Many studies of patient–provider race concordance grew out of the debate over whether increasing the number of ethnic minority health professionals would reduce health care disparities for ethnic minorities. For 20 years, this debate has largely been informed by a significant body of literature that examined the role of ethnic minority physicians in caring for underserved populations. This report describes the literature on patient–provider concordance with regard to race, ethnicity, and language. Most of the studies use data collected from primary care physicians or patients who report receiving care from primary care physicians. The authors review the literature on patient–provider concordance with regard to race and ethnicity and compare and contrast these findings to the literature on patient–provider language concordance. To contextualize these studies in the field of health care disparities, they present a conceptual framework for the relation of race, ethnic, and language concordance with health care processes and outcomes.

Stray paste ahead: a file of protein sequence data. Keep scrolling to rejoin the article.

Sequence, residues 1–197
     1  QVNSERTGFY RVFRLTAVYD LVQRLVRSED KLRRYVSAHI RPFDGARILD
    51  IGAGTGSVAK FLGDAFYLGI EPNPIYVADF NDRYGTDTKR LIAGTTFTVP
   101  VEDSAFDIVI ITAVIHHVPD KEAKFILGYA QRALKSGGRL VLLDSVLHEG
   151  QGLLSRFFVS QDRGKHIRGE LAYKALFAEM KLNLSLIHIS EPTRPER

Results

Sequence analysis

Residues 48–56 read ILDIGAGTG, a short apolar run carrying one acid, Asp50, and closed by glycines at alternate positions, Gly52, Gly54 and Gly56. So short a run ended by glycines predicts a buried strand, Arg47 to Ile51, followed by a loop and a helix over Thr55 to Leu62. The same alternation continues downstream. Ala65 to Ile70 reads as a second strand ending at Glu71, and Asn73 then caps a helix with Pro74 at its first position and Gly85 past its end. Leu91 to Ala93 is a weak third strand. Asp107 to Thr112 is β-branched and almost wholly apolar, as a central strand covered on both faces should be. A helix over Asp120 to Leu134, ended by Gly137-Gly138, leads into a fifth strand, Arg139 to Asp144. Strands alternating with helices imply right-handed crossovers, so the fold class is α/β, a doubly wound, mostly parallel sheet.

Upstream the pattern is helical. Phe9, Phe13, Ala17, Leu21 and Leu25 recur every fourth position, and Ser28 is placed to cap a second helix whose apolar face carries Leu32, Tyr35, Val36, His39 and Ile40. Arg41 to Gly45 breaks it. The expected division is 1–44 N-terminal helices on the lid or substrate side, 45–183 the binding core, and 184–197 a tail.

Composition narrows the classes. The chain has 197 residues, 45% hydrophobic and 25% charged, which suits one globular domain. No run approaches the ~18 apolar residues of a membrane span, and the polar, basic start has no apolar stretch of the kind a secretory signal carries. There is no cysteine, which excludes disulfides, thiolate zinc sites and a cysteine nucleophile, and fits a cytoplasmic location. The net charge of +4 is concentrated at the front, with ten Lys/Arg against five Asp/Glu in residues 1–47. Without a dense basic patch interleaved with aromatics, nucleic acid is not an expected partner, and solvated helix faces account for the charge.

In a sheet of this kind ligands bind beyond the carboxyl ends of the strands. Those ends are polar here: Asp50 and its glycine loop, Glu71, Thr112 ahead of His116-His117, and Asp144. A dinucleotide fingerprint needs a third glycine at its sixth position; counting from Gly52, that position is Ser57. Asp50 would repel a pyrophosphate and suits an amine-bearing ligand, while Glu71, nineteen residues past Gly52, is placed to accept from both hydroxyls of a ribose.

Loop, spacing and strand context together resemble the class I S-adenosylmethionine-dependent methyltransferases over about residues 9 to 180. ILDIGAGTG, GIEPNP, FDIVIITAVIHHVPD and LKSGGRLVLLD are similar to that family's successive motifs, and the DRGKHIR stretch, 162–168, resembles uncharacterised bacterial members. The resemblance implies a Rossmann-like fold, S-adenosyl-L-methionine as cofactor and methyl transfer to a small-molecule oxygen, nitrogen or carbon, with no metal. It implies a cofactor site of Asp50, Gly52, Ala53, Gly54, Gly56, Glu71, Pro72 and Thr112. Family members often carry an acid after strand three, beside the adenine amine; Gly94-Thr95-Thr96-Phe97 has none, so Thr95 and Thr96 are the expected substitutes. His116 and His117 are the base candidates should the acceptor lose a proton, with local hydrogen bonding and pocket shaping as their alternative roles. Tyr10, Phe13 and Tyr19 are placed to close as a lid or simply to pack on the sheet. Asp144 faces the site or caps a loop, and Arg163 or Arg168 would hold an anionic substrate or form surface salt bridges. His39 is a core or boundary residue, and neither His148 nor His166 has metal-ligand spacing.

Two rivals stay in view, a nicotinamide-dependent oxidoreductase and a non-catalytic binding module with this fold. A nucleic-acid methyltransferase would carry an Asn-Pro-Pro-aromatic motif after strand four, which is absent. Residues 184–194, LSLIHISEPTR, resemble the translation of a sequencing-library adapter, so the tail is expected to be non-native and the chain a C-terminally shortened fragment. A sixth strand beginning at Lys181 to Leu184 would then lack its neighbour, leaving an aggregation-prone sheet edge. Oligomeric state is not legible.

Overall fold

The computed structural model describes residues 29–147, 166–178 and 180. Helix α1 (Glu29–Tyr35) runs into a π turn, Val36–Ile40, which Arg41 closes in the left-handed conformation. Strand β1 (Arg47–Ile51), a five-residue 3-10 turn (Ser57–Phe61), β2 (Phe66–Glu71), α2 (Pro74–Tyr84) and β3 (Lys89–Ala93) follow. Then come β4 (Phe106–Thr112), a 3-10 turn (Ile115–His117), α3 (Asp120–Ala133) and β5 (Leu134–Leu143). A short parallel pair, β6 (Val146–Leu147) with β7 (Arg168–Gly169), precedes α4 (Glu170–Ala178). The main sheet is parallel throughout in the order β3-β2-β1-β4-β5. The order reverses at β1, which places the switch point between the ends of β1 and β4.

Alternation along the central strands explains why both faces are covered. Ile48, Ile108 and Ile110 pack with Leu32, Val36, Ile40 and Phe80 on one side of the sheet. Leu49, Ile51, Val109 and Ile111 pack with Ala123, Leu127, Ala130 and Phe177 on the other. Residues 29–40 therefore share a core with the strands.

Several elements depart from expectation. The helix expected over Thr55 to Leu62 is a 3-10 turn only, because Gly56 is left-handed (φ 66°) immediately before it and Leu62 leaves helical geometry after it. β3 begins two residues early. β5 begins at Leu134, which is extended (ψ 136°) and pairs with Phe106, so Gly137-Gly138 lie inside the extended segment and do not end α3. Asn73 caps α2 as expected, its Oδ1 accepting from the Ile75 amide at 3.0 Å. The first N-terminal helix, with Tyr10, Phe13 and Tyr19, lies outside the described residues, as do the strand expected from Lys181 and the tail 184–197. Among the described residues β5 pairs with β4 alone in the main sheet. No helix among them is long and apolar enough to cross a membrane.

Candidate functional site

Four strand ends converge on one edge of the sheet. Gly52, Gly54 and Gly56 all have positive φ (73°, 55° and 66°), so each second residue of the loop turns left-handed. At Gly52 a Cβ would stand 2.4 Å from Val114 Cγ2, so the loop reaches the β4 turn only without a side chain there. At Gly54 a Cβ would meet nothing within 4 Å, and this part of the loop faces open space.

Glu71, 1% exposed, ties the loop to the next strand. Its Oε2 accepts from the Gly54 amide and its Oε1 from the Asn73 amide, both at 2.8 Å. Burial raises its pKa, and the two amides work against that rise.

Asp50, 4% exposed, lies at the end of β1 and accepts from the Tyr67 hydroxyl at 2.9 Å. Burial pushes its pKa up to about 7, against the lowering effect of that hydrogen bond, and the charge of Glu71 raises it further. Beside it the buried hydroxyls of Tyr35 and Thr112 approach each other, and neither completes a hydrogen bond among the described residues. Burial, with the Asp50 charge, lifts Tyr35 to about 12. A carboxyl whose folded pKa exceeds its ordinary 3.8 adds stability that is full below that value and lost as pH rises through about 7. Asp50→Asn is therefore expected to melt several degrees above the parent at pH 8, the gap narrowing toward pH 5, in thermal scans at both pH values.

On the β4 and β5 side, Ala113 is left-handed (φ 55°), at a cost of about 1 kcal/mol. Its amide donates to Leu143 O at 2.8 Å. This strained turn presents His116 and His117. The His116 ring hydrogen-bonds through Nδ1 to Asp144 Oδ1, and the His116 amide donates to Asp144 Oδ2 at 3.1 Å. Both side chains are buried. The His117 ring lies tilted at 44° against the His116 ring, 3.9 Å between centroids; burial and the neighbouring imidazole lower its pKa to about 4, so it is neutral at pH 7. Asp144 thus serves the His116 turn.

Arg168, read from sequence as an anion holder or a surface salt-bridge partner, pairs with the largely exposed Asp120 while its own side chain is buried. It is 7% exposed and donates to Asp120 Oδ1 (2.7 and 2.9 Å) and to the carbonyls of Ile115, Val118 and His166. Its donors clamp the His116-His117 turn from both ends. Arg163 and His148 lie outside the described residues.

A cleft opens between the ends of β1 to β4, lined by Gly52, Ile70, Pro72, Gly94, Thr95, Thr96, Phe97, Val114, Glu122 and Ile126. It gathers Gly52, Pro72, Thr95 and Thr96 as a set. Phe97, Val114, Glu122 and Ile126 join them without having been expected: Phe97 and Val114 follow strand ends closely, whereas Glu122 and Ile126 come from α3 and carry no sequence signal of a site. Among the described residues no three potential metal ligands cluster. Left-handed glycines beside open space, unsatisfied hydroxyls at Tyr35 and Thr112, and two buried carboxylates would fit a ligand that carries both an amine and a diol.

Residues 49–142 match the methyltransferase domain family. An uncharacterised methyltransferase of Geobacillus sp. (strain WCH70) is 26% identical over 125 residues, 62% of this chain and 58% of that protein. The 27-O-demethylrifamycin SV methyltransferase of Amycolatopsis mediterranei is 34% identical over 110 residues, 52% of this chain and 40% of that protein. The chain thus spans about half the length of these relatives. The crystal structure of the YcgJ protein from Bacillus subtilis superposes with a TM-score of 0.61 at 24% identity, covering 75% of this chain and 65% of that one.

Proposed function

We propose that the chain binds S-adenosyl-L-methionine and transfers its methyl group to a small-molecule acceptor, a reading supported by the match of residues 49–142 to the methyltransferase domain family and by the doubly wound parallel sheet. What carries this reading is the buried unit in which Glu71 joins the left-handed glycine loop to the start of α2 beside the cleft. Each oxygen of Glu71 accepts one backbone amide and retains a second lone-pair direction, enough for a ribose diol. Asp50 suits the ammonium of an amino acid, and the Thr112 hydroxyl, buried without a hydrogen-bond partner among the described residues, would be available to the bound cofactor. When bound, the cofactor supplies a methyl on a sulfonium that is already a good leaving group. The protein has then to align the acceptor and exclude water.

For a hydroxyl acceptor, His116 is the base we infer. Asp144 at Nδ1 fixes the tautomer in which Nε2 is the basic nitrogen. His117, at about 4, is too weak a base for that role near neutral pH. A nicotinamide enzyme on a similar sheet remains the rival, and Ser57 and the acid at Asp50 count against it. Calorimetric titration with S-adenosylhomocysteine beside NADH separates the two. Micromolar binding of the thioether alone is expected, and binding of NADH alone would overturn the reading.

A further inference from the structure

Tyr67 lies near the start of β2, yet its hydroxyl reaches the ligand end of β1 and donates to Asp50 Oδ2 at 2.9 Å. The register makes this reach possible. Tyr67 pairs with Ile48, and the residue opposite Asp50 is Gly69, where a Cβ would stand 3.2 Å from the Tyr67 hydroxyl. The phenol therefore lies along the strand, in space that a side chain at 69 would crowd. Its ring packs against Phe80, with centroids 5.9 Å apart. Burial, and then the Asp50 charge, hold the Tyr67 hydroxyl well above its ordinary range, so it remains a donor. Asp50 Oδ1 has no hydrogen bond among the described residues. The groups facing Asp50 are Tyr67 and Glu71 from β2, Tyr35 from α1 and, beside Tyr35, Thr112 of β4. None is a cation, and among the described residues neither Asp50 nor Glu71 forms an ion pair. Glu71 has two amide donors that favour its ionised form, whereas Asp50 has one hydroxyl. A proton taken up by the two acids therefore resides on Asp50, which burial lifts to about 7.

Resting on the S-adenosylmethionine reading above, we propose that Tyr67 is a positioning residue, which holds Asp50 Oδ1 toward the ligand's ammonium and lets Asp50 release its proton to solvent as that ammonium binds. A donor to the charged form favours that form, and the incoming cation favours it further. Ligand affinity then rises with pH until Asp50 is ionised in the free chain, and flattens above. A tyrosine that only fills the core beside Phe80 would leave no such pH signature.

Recent studies on how patients rate the quality of care they receive from physicians have described differences between race-concordant and race-discordant patient–physician relationships. Patients in race-concordant relationships with their physicians rated their physicians' decision-making styles as significantly more participatory and their care more satisfactory overall than patients in race-discordant relationships.